This post continues a monthly series of posts about California’s drought, with weather data from my hometown of Los Altos, south of San Francisco.
Our rainy season started in October, but we only received a third of our normal October rainfall. The pattern of above-normal overnight lows continued. The National Weather Service predicts that the drought will continue in our mountains through January 2015. This prediction is significant because most of California’s water comes from the mountains, and over half our annual rainfall normally comes during this period. Our county has cut water usage 11%, good but only half the 20% reduction that our governor asked for. Groundwater overdrafts continue as California and our county pump more groundwater than is replenished.
Continuing the trend we’ve seen, our October high temperature was normal, and our low temperature was above normal.
Our October rainfall was a third of normal, with .26 inches of rain instead of our normal rainfall of .76 inches.
The below-normal rainfall in October adds to the drought as our cumulative rainfall falls farther behind our normal rainfall. The low rainfall increases the stress on our wildlife and plants that just survived the dry summer and now expect moisture and vegetation. Deer and mountain lions are coming down from the parched mountains in the bay area and the Sierras. Some California native plants, such as coast live oaks, are summer dormant to get them through the dry summer, and they are active in the winter. I’ll water our coast live oaks this winter.
The US National Weather Service now predicts that the drought will persist or intensify through January 2014. As seen by the brown area on the above map, the Weather Service prediction of continuing drought includes the Sierra Nevada Mountains, which collect most of California’s rainfall and eventually supplies coastal cities of San Francisco and Los Angeles, as well as agricultural areas like the Central Valley.
This forecast extends the drought period by one month, encompassing most of California’s upcoming rainy season. For example, in the San Francisco Bay Area, we receive over half our annual rainfall between October and January. If this weather forecast proves to be accurate, we would have only have two months (February and March) of rainy weather before our dry season next summer, making it more likely that our drought would continue into a fourth year.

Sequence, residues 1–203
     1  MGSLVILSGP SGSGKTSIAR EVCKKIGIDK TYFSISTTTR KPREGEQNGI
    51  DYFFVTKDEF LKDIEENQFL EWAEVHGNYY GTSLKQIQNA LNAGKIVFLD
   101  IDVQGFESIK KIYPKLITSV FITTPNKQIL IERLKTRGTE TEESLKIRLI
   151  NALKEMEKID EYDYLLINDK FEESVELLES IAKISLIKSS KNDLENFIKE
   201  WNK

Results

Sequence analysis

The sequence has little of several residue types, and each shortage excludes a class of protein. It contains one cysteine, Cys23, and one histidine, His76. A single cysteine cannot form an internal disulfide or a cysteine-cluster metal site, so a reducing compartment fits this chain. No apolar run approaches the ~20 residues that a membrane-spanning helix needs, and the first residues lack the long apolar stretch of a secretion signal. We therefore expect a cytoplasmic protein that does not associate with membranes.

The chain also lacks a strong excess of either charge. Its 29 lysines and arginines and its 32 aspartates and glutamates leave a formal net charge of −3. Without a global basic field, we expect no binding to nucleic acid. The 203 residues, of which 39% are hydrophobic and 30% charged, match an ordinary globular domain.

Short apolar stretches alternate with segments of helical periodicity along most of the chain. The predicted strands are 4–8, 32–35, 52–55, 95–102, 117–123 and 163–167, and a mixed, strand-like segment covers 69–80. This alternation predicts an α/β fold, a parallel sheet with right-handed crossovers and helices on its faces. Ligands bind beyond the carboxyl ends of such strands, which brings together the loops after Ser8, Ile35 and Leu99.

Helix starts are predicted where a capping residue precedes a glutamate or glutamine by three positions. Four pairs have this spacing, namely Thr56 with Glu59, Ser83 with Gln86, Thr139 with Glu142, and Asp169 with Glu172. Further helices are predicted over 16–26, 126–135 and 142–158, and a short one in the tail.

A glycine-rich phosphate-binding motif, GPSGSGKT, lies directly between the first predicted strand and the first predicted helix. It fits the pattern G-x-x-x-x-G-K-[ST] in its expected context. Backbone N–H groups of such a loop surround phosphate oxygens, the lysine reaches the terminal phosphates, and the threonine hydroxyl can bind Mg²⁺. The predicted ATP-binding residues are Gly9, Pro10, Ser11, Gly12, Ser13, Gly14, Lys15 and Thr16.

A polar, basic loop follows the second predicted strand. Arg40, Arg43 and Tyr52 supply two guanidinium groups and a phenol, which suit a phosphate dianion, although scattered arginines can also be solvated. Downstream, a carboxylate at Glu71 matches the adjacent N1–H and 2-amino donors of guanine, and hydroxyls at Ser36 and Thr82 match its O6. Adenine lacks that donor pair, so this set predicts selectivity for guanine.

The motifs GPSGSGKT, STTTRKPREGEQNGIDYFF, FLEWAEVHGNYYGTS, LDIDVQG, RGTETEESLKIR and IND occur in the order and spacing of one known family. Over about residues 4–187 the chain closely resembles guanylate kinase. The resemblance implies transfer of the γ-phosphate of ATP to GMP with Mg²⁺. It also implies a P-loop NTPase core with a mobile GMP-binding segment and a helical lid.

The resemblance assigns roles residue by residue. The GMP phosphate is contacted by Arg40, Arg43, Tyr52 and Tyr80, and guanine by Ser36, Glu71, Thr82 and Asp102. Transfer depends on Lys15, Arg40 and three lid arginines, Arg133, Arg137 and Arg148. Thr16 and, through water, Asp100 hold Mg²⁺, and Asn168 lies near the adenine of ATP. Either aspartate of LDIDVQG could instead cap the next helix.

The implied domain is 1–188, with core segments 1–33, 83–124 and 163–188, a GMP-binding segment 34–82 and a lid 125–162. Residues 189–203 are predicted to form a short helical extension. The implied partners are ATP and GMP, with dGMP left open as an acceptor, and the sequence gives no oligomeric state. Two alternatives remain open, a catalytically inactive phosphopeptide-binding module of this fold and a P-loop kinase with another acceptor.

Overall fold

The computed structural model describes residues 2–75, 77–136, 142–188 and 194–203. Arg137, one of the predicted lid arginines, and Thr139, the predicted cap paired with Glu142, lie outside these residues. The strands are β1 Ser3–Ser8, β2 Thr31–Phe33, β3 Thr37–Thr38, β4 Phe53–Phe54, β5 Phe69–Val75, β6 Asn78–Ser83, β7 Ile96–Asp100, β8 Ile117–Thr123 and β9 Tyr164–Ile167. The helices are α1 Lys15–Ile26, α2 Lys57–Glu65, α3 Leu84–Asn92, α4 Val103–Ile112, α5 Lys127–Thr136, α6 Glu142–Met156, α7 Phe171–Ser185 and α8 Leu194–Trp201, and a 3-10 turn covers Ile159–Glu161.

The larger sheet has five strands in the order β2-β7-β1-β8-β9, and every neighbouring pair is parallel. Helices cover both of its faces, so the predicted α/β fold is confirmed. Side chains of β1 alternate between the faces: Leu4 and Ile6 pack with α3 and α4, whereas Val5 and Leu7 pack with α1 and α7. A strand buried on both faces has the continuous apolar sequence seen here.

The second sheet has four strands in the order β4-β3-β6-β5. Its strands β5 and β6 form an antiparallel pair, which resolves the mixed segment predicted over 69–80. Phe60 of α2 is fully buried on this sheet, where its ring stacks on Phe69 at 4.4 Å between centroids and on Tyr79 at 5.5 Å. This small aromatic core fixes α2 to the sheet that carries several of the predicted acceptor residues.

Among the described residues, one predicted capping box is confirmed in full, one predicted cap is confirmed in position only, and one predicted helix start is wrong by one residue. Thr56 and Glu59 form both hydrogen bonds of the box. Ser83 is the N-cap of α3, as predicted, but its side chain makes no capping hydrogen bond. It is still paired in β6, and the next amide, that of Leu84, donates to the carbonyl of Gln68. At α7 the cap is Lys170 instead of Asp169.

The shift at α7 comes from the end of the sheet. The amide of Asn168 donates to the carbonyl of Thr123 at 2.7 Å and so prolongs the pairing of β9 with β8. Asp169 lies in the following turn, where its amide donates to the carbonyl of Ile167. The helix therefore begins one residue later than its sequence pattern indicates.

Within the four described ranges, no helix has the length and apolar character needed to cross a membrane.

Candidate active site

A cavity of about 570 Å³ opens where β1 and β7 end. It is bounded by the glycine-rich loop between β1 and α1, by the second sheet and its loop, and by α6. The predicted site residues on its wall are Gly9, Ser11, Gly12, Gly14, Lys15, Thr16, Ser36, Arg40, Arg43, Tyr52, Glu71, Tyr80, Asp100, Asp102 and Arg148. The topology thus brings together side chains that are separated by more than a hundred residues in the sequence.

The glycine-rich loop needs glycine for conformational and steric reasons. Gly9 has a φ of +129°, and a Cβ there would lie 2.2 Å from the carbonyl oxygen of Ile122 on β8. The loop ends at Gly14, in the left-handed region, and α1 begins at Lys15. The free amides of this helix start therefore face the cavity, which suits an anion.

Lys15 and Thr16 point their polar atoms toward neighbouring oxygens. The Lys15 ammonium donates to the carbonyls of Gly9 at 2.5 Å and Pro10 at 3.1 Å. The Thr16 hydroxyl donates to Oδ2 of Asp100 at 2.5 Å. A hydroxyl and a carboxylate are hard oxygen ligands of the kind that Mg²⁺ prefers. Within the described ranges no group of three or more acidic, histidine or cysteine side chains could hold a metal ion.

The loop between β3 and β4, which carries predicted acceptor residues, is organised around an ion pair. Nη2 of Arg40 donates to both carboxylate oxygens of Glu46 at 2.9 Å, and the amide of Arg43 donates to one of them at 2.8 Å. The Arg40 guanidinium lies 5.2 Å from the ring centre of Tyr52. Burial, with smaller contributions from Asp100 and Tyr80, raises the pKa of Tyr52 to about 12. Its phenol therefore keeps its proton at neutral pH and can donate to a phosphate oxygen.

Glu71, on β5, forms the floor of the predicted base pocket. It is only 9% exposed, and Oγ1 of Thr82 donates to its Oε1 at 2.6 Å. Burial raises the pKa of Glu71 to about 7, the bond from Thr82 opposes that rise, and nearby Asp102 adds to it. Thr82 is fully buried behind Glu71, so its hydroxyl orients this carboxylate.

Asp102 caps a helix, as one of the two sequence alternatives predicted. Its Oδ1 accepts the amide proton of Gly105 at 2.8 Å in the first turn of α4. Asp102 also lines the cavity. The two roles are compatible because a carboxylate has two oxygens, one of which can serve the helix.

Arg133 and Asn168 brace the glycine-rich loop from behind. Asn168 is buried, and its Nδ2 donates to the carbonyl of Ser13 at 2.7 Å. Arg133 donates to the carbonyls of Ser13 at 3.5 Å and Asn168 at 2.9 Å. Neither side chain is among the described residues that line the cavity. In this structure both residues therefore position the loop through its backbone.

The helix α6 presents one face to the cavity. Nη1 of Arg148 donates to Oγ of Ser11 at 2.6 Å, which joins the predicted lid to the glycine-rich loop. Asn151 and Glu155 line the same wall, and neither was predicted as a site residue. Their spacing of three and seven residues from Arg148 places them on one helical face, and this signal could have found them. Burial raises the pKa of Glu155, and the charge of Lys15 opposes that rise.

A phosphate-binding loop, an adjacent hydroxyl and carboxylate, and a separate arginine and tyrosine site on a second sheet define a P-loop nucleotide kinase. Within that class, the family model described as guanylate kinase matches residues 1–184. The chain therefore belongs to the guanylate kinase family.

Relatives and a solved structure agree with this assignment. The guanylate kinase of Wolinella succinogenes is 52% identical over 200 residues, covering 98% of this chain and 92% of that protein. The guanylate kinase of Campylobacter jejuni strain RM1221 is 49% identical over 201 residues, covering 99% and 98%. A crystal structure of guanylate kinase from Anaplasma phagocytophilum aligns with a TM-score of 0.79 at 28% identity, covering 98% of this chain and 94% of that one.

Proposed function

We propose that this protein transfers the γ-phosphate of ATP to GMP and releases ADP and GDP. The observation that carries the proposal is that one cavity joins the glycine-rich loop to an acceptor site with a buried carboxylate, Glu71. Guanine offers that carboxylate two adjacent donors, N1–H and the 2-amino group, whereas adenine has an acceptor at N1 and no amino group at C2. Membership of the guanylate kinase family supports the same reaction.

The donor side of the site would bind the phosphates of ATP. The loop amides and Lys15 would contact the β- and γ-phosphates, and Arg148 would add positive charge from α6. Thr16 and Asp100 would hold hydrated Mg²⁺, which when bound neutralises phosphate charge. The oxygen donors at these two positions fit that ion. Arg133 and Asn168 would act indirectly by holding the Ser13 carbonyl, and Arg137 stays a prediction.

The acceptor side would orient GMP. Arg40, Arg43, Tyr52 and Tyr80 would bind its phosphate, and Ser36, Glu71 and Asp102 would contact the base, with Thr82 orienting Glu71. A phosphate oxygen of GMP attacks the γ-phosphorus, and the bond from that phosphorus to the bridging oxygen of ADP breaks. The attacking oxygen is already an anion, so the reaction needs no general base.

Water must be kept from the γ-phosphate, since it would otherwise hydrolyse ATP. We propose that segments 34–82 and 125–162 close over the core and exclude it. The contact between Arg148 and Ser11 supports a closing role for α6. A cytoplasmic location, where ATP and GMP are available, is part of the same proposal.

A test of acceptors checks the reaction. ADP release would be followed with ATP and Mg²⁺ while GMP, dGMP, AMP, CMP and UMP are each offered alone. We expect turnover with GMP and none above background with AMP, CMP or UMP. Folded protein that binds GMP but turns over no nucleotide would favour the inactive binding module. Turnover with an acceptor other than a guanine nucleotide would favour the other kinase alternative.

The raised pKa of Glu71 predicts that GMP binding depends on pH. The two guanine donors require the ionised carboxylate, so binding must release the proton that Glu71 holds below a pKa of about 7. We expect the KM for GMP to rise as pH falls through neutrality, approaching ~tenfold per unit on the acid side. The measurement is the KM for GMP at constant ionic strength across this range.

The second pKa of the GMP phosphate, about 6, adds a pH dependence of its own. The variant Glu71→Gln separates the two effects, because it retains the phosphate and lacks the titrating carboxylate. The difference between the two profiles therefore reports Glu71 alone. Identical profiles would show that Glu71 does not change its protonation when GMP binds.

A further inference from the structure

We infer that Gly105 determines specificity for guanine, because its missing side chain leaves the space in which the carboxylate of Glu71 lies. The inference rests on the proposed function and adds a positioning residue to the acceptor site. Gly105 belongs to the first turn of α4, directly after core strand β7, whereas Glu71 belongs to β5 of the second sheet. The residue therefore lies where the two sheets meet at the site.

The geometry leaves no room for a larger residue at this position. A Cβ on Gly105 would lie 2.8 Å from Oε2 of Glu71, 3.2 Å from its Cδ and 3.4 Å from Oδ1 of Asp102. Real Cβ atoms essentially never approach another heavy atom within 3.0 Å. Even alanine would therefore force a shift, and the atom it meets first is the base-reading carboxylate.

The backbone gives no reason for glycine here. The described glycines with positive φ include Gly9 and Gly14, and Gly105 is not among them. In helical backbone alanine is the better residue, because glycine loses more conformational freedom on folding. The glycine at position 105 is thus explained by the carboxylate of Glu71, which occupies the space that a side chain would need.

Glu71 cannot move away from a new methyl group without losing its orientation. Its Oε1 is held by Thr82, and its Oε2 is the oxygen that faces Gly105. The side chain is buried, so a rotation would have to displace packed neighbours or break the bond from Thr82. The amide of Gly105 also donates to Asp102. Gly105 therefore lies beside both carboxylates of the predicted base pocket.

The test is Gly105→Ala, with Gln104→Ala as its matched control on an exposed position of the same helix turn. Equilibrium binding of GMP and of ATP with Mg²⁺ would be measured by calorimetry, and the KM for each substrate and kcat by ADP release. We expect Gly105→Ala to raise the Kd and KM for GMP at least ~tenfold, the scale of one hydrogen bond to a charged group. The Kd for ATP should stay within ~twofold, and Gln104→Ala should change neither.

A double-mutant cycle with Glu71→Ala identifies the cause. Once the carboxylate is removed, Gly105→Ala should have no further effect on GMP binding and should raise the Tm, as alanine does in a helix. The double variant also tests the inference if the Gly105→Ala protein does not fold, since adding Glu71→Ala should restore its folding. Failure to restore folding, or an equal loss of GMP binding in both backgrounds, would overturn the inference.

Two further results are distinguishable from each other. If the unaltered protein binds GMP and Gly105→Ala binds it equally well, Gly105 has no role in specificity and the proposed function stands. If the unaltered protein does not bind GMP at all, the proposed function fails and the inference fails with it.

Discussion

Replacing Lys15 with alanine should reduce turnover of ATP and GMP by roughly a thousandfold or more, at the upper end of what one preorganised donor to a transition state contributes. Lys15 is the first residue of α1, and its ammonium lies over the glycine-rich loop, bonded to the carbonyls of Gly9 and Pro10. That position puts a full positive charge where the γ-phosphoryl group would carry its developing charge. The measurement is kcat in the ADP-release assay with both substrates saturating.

Because of the drought, California has been pumping more groundwater at an ever-increasing rate. The Los Angeles Times reports “This week, scientists working on the GRACE mission released a series of images that reflect the drastic loss of groundwater over the last dozen years.” “Worst hit, according to NASA, are the Sacramento River and San Joaquin River basins, where water has been pumped out to support agriculture in the Central Valley and elsewhere. Since 2011, the amount of water removed from these river basins each year added up to 4 trillion gallons. That’s “an amount far greater than California’s 38 million residents use in cities and homes annually,” NASA noted.”
In our valley, we too are overdrawing groundwater, taking more out than we are putting back. Our local water board reports “The groundwater level in Santa Clara Plain (San Jose) is about 29 feet lower than last year and about 39 feet lower than the five-year average”.
Based how much we’re putting into the aquifer and taking out, I expect groundwater overdrafts to continue. As shown below, our recharge (replenishing the aquifer) has dropped to close to zero since February. Our local reservoirs are low so we no longer have water to recharge the aquifer. The second chart shows that groundwater pumping is higher than past years, which include the first two years of our drought. Our county is overdrawing thousands of acre-feet of groundwater every month, and this will continue until we get rain.